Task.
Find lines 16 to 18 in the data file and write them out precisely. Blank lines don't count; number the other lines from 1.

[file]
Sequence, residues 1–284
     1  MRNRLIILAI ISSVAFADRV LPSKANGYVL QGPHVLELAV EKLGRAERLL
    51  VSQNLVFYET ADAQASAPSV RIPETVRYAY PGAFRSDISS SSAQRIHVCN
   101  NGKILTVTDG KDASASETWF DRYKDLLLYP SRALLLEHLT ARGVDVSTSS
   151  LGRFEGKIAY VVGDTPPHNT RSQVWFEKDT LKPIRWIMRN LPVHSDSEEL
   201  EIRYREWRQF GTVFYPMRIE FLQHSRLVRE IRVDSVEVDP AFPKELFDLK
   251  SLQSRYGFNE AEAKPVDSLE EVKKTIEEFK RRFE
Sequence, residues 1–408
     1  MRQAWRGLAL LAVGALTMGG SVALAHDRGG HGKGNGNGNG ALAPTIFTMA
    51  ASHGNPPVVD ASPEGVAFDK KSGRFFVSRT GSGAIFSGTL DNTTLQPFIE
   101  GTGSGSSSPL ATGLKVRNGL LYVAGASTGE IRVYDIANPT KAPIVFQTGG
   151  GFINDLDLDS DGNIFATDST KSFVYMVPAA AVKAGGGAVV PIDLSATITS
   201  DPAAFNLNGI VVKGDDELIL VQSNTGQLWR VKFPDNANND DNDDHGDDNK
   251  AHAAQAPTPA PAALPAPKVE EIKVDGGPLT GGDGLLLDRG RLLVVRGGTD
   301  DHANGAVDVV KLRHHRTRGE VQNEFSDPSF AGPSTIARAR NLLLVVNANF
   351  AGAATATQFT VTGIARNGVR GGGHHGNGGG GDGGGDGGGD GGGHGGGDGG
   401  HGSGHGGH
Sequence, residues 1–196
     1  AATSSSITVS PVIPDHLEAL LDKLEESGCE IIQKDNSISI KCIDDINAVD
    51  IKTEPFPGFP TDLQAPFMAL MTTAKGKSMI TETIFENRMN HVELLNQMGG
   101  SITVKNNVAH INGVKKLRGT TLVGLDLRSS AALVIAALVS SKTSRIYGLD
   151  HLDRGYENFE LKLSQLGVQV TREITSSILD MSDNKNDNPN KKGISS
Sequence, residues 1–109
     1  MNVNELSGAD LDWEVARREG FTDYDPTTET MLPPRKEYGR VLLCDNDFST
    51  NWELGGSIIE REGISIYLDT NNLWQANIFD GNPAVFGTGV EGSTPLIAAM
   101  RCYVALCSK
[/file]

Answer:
   351  AGAATATQFT VTGIARNGVR GGGHHGNGGG GDGGGDGGGD GGGHGGGDGG
   401  HGSGHGGH
Sequence, residues 1–196